How employee resource groups can help workers thrive, whether they are remote, hybrid, or in the office

The connection, support, and networking opportunities ERGs provide are more important than ever.

By Pamela DeLoatch — May 18, 2023

As organizations settle into hybrid work schedules, employers are seeking sustainable ways to keep employees engaged with work and with one another.  Employee resource groups (ERGs), which have been around for decades, are emerging as a critical connection point, particularly for women, employees of color, and others from historically marginalized groups.

The names vary — ERGs, affinity groups, diversity councils, or at HP, Business Impact Networks — but they serve a common purpose: to help employees build supportive relationships with one another and, in the process, feel more included at work.

“ERGs bring a sense of community and belonging,” explains Amy Baldwin, president of United Partnerships and creator of the ERG Leadership Conference. “People who may not interact in their jobs, meet and partner together in an ERG. They’re building stronger, greater networks that yield retention and engagement and increase collaboration, productivity, and innovation.”

With millions of employees now working remote or hybrid schedules, ERGs are becoming more important than ever, helping employees feel represented in the workplace and connected to their colleagues even when they may not be spending every day in a physical office, where natural bonds can form.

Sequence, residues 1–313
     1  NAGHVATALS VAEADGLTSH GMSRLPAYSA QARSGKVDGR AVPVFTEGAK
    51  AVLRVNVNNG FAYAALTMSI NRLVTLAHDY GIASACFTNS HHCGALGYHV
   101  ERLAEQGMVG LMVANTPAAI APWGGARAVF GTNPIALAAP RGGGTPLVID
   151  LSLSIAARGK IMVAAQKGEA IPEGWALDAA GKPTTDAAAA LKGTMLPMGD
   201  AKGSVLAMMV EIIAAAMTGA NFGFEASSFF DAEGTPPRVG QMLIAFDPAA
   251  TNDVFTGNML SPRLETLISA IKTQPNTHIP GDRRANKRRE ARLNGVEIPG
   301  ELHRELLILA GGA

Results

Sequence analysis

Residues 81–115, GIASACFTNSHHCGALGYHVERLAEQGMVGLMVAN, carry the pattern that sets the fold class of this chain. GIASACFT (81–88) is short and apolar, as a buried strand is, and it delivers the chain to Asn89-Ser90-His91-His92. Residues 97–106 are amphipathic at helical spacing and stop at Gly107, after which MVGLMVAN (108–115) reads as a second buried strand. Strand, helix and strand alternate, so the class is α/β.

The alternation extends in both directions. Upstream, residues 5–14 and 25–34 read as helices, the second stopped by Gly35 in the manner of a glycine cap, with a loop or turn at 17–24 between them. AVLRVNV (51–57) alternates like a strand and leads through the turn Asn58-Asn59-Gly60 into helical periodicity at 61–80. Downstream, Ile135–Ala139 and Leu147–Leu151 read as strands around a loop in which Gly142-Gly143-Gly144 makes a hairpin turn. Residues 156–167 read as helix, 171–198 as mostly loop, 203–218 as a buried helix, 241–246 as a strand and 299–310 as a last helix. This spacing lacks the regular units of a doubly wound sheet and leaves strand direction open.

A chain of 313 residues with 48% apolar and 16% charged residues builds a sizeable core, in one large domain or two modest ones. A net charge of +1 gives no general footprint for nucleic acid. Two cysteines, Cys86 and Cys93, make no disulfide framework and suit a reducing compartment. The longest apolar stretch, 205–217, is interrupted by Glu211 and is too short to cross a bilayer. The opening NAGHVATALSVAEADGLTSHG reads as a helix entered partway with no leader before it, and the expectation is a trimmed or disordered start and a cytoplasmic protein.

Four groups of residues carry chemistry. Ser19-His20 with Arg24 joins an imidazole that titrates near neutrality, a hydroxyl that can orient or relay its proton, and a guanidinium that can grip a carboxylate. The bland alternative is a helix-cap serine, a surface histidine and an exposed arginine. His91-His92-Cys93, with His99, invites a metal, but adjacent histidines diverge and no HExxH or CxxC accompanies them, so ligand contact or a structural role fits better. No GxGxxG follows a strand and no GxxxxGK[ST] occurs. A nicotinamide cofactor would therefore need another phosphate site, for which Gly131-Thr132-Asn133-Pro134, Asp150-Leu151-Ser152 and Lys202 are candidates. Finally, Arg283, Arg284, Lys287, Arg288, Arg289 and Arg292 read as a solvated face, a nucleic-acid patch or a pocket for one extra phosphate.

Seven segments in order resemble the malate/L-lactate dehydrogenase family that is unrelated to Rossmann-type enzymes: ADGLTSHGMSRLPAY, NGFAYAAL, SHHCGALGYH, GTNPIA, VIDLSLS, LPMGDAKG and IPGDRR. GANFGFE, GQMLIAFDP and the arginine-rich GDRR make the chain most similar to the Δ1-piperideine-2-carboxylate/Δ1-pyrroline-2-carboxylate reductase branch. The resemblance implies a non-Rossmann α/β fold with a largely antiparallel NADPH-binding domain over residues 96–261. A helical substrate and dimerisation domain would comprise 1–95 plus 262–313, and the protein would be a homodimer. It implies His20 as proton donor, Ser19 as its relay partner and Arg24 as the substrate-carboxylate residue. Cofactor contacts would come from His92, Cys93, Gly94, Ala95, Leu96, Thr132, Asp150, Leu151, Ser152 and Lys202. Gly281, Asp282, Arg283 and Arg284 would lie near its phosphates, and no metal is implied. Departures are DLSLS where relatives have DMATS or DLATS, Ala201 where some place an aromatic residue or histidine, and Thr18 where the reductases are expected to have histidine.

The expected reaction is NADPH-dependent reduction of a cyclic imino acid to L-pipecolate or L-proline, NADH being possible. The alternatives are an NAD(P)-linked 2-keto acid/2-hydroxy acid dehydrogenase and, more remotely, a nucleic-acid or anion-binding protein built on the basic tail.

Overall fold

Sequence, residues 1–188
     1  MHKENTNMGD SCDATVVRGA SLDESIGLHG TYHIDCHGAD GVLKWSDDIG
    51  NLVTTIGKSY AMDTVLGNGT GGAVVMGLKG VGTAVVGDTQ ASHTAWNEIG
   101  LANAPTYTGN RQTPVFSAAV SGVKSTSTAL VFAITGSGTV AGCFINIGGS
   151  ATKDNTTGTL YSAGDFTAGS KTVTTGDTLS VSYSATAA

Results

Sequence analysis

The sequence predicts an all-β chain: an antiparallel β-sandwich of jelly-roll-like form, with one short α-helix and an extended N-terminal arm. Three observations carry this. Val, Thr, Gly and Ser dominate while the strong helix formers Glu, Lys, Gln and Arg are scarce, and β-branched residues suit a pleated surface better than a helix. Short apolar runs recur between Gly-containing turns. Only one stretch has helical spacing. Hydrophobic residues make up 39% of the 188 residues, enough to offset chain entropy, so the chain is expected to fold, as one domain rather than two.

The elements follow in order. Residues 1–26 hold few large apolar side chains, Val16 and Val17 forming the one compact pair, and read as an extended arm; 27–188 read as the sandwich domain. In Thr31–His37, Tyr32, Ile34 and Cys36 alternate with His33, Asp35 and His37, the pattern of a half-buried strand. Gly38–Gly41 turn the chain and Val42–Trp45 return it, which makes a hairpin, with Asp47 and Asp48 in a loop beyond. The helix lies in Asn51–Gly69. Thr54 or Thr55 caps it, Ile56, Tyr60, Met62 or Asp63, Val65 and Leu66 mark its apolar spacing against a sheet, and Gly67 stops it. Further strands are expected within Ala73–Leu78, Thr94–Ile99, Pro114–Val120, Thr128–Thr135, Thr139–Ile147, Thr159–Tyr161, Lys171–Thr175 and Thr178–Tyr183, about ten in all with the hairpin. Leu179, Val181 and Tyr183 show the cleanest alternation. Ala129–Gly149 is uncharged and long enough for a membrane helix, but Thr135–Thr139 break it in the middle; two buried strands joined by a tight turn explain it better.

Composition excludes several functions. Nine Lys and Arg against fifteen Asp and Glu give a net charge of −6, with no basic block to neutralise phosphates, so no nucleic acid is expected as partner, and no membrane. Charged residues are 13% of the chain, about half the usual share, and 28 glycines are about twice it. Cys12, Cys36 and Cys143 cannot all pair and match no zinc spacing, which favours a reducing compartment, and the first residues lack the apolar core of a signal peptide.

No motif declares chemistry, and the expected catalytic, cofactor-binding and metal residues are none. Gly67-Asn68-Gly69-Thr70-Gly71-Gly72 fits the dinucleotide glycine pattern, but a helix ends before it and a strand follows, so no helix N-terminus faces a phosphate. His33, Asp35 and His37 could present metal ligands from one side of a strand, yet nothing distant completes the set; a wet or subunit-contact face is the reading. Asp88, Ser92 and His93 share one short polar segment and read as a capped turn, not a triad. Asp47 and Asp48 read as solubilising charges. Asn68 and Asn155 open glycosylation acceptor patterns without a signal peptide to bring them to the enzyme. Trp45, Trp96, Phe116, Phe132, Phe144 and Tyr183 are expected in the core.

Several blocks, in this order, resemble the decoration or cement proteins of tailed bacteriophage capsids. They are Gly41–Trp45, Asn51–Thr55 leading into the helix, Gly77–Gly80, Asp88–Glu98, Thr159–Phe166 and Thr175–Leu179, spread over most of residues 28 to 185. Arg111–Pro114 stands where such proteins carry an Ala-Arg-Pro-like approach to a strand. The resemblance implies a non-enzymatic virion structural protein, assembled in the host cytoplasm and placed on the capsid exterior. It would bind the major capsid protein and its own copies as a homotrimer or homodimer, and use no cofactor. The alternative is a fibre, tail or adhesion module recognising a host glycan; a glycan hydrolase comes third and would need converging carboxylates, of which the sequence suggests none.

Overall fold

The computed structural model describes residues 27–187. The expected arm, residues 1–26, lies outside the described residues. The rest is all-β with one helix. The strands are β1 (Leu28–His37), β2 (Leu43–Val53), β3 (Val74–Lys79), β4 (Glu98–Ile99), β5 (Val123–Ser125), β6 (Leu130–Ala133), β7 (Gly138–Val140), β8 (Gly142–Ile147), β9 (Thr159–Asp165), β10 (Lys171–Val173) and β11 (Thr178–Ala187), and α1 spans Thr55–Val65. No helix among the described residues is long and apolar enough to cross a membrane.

Three women working on laptops while engaging in conversation .

Arturo Olmos

LaTasha Gary, Director of Sustainable Impact Program Management at HP, engages with members of the Women’s Impact Network (WIN) BIN at the HP Houston campus.

Forging bonds and finding opportunities

More than informal clubs, ERGs are typically structured organizations with executive sponsorship and support from company leadership — recognition of the value they bring to employees and the businesses they work for. These groups have existed since the 1970s — HP’s first, in 1972, was for African American employees, and the company launched the nation’s first LGBTQ+ employee resource group in 1978. Today, 90% of Fortune 500 companies have employee resource groups, with the majority focused on African Americans, women, Hispanic and Latin Americans, Asian Americans, LGBTQ+ employees, military veterans, and employees with disabilities.

When Beau Taylor arrived at HP in 2017, one of his first acts as a new employee was to join HP’s Veteran Impact Network, one of several internal employee groups known as Business Impact Networks (BINs) at HP.

“It catapulted my network inside HP, and it’s not just work-related,” says Taylor, a veteran of the US Coast Guard who is now senior manager of Global Indirect Procurement for HP. “It can be personal as you develop that sense of camaraderie.”

Meanwhile, in Singapore, another one of HP’s BINs, the Women’s Impact Network (WIN), offers a program in experiential learning that helps women explore job opportunities. “The initiative focuses on having them do mini rotational projects,” says Marie Myers, HP’s CFO and WIN executive sponsor. “Through WIN, they are experimenting and trying out professional opportunities they would never have had, which is huge.”

Baldwin says that in the last 10 years, more employee resource groups have also developed around employee interests and well-being. “There are groups for sustainability, working parents, young professionals, and employees aged 50-plus and getting ready to retire. Faith-based, health and fitness, and mental health groups are also emerging.”

“People who may not interact in their jobs, meet and partner together in an ERG. They’re building stronger, greater networks.”